Advocates call for ObamaCare open enrollment extension after website glitches
Democratic lawmakers and health care advocates are calling on the Trump administration to extend the deadline for ObamaCare open enrollment after reports of widespread glitches with the healthcare.gov website.
For the 38 states that use healthcare.gov, Sunday is the last day to sign up for ObamaCare plans for coverage beginning Jan. 1, 2020. According to advocacy groups, technical problems with the website have been preventing people from signing up.
“Given that serious technical problems also significantly impacted the first day of Open Enrollment, preventing approximately 100,000 people from signing-up, an extension is critical to make sure all consumers who want to take advantage of the quality, affordable coverage options available at HealthCare.gov are able to do so,” said Joshua Peck, co-founder of Get America Covered who oversaw enrollment efforts for the Obama administration.
Democratic lawmakers have also been calling for an extension, such as 2020 presidential candidates Pete Buttigieg and Sen. Elizabeth Warren (D-Mass.), as well as Sens. Ron Wyden (D-Ore.), Mazie Hirono (D-Hawaii) and Bob Casey (D-Pa.).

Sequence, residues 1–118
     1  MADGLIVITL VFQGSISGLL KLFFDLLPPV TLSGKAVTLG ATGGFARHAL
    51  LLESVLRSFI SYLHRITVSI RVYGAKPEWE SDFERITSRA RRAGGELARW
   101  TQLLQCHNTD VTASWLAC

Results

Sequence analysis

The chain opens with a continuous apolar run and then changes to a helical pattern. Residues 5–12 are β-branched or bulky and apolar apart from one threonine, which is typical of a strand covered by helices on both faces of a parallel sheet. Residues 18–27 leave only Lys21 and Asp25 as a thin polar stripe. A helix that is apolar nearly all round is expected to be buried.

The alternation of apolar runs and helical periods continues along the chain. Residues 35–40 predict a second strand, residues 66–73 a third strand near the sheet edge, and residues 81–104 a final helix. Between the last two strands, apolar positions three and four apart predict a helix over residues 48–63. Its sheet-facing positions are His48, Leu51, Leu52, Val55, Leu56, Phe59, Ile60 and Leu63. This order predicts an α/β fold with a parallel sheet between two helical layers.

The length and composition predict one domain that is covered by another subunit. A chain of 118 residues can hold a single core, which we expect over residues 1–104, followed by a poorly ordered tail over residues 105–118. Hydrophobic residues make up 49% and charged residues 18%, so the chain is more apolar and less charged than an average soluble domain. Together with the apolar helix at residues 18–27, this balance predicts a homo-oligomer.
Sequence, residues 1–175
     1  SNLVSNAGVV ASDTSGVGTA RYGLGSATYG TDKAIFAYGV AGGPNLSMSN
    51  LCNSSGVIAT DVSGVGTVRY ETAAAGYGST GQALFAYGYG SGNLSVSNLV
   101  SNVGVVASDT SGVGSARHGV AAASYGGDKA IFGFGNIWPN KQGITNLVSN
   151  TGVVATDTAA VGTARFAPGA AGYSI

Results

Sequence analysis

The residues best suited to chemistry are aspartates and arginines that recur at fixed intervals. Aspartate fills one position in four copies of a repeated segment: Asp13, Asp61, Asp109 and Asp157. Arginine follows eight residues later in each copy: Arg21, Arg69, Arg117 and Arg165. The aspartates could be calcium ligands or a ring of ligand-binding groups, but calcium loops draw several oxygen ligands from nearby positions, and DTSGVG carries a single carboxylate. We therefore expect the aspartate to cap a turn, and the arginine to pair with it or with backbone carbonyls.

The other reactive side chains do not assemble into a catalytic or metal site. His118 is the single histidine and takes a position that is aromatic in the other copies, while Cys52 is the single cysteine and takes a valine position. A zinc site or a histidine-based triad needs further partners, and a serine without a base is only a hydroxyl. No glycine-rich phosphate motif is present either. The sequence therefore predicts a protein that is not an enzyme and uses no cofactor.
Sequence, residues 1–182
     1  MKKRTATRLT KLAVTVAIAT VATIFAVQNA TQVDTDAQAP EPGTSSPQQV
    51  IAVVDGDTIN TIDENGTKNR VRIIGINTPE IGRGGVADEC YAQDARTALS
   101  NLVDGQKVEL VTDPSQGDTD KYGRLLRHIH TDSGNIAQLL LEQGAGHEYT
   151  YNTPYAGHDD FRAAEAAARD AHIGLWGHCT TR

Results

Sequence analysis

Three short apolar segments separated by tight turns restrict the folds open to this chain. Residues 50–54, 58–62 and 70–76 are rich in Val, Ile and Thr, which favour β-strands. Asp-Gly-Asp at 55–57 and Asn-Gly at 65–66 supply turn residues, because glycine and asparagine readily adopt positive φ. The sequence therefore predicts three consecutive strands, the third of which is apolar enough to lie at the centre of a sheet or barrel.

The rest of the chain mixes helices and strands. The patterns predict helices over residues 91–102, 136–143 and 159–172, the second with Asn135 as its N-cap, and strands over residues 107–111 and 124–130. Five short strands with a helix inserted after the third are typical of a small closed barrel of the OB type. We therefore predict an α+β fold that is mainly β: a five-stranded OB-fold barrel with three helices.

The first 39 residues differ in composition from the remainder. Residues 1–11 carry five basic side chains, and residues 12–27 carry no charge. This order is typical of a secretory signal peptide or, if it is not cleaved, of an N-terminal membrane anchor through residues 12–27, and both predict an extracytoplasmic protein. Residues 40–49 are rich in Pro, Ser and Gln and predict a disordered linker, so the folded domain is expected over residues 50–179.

A spokesperson for the Centers for Medicare and Medicaid Services (CMS), which is in charge of healthcare.gov and implementing open enrollment, said the website “remains open for business.”
The agency gave no indication of extending open enrollment, but said any consumers who entered their information before the deadline of 3 a.m. eastern time will be able to sign up for coverage.
The agency deployed a “waiting room” to help control the flow of traffic, but the spokesperson said the waiting room will only impact a “portion of customers.” Others will be able to enroll without seeing a waiting room.
As of Dec. 7, more than 3.9 million people had signed up for plans, a 6 percent drop compared to a similar time period last year.
But the last few days of open enrollment typically bring a surge of signups, and Peck said he was concerned that the website was not able to handle the traffic of tens of thousands of people attempting to enroll.
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